Priority 4: Dealing decisively with the quality and efficiency through the implementation of standardised assessments to reduce failure, repetition, and drop-out rates; and introduce multiple qualifications, such as the General Education Certificate before the Grade 12 exit qualification
The NDP aims for a “World Class Assessment System”, involving “reliable measures of learning for every primary school”. We are currently piloting a standardised assessment, called Systemic Evaluation, with the aim of finalising its first cycle in Grades 3, 6 and 9 by June 2020.
Work on the introduction of the General Education Certificate (GEC) will be accelerated. The field trial for the GEC at the end of Grade 9, is scheduled for completion at the end of July 2020. A draft framework for the GEC has been developed. Assessment and examination modalities for the GEC are being investigated. The Technical-Occupational subjects have been packaged and submitted to Umalusi for approval.
Chairperson, the Second Chance Matric Programme was designed to provide wider access to young people to attain a National Senior Certificate. This programme provides more opportunities to access Government programmes, post-matric studies, employment and skills development opportunities to young people. It gives young people a second chance in improving their lives.
Priority 7: Decolonisation of Basic Education through the teaching and promotion of African languages, South African and African History and national symbols to all learners up to Grade 12
The revision of the History curriculum (Grades 4-12): The reappointed Ministerial Task Team (MTT) on History has commenced the writing of a revised History curriculum. After broad consultations, the MTT will commence with the writing of new textbooks for Grade 4-12 History, which are in-line with the new History curriculum. To prepare the system for this innovation, rigorous teacher training will be carried out.
The teaching and promotion of African languages: Chairperson, the NDP recommends that learners’ Home Language be used as a language of learning and teaching for longer; and English be introduced much earlier in the Foundation Phase. It is important to remind South African languages are protected by our Constitution, and our policies recognise this fact.
There is a growing body of current research on African languages that confirms that the orthographies and the linguistic structures of African languages, are unique and different to the English language. As a result we have conceptualised reading methodologies that speak to African languages. The language issue, is a key factor that impacts on reading and literacy outcomes.
Chairperson and Honourable Members, I am delighted to announce that the Council of Education Ministers (CEM) agreed to incrementally introduce Kiswahili in our schools. There is a high level of enthusiasm about this. Kenya and Tanzania have committed to assist with the training of educators and the development of appropriate learning and teaching support materials in Kiswahili.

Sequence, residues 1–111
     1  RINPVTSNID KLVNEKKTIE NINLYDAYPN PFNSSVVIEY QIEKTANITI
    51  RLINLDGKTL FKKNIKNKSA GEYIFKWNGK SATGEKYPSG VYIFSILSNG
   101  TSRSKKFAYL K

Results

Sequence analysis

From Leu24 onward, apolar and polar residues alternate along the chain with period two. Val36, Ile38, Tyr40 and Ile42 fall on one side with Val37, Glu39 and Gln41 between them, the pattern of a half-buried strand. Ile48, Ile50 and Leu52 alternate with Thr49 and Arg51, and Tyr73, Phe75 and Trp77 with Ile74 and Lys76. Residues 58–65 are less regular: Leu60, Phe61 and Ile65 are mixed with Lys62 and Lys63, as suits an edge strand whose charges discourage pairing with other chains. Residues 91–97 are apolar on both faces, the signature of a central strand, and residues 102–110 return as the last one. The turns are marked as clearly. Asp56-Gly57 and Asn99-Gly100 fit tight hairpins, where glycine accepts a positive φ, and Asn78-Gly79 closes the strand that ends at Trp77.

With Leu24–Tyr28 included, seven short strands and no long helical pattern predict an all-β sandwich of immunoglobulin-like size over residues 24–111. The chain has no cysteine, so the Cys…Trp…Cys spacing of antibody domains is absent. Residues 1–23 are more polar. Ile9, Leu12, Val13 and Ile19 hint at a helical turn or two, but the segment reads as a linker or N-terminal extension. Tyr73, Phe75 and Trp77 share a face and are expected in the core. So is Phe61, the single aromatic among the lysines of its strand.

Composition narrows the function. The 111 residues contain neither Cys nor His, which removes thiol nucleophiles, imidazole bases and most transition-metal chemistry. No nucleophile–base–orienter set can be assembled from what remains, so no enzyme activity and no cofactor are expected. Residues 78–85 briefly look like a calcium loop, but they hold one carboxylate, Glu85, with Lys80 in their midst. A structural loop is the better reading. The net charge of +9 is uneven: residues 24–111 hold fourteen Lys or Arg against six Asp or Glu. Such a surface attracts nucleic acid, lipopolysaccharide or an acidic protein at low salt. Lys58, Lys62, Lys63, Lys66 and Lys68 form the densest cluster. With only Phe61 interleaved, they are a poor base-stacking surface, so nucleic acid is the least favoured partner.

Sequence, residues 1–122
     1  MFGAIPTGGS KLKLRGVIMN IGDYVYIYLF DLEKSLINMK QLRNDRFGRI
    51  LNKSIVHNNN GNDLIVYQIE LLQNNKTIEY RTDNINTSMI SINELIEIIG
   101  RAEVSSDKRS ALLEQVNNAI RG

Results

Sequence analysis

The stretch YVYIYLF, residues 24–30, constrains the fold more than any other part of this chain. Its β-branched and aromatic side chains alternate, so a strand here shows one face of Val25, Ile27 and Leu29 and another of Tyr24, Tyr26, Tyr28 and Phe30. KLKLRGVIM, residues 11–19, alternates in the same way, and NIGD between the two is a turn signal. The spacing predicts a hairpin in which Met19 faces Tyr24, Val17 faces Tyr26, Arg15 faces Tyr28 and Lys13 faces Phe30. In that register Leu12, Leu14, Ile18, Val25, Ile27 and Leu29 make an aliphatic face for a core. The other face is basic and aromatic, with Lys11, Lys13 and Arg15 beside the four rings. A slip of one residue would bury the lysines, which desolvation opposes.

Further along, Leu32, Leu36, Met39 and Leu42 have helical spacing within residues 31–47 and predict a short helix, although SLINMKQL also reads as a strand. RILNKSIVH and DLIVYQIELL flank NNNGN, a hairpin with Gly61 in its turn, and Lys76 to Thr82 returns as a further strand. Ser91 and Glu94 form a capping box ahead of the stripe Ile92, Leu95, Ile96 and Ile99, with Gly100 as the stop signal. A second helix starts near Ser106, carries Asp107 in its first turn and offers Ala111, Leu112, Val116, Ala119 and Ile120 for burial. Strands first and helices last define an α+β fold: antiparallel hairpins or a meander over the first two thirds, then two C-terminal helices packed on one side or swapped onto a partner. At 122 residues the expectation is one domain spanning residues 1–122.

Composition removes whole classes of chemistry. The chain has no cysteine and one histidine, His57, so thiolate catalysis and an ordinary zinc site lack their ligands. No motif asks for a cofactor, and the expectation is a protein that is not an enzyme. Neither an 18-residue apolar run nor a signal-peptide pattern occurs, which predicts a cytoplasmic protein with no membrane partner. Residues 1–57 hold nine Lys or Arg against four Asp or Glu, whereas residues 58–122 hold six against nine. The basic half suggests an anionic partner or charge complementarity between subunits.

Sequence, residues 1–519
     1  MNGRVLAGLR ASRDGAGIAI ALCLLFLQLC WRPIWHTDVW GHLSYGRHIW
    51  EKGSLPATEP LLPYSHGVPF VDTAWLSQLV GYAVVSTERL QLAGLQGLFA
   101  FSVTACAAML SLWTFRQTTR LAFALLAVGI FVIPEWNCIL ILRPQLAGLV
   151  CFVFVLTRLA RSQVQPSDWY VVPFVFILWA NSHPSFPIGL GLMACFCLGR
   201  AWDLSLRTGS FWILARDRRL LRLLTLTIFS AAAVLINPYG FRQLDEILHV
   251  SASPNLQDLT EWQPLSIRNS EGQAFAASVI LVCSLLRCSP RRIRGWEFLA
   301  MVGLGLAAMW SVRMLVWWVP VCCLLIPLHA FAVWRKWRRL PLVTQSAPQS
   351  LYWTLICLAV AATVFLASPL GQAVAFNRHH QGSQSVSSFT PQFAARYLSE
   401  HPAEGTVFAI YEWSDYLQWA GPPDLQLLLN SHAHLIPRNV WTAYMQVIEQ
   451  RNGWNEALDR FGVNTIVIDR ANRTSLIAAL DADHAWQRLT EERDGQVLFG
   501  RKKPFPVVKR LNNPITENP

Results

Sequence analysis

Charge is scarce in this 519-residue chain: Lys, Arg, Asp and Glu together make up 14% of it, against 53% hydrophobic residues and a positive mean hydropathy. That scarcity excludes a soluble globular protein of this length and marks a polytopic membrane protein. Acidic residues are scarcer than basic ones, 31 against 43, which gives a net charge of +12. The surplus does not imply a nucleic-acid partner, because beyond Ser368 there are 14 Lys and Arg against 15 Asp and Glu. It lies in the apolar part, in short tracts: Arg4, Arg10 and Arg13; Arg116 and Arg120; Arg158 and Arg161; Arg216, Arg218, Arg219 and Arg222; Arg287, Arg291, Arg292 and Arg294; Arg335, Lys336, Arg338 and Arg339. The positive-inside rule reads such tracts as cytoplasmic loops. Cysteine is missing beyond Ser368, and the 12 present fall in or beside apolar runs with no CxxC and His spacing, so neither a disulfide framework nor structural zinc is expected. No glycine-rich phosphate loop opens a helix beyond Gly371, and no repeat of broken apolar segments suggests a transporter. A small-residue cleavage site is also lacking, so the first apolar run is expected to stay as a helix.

Incremental Introduction of African Languages (IIAL) Grades 1-9: In 2017, CEM approved the implementation of the IIAL in all schools not offering a previously marginalised official African Language. About 2 600 schools were targeted, and 82% of these schools are now implementing the IIAL. IIAL will be implemented incrementally from Grade 1 to Grade 7 by 2024.
Priority 9: Complete an integrated Infrastructure Development Plan informed by Infrastructure delivery and regular maintenance, which is resourced
The provision and maintenance of infrastructure, remains one of our key priorities as a sector. To improve the delivery of infrastructure, we will be revisiting the delivery model for school infrastructure projects, to save on the cost of providing education infrastructure, and to improve contract management processes with our implementing agents and service providers. We will also be researching alternative funding modalities for the provision of school infrastructure, and to ramp up our maintenance programme.
We will also revamp the National Education Infrastructure Management System (NEIMS), with the cooperation of the Council of Scientific and Industrial Research (CSIR); review the design of schools built – designs must be appropriate for teaching and learning; and be appropriate for the provision of digital infrastructure.
His Excellency President Ramaphosa has outlined the direction that the entire education sector must take. Admittedly, we need all our partners on board to deliver the quality and efficient basic education system envisaged by our country. Yes, Honourable Members, we have heard you’re the President’s clarion call. We will “khawuleza” to implement our eleven focus areas we have identified for the 2019 MTSF for the sector, which articulate the seven priorities of Government as presented by His Excellency, President Ramaphosa.
In conclusion Chairperson and Honourable Members, let me thank the former Deputy Minister of Basic Education, Mr Enver Surty for his counsel, comradeship and leadership. Let me welcome our brand new Deputy Minister Dr Reginah Mhaule, who is not new to the Basic Education Sector. A word of appreciation to my Cabinet colleagues, the Chairperson of the Select Committee, the Whip and Committee members, all Honourable Members of this House, Education MECs, Heads of Provincial Departments and their officials, our Director-General, Mr Mathanzima Mweli and his team, as well as officials in my office, for their counsel and unwavering support.
I am immensely grateful to all the learners, learner organisations, teachers, teacher unions, principals, parents, learners, SGBs, SGB associations, individuals, and our strategic partners – including the SACE, the ELRC, the NECT, the EDTP SETA, and the private sector, for their tireless work, contributions, and cooperation to make the quality and efficiency of the basic education system a reality in the various parts of our country.
Last but not the least, I wish to thank my family for their unwavering support.
I thank you.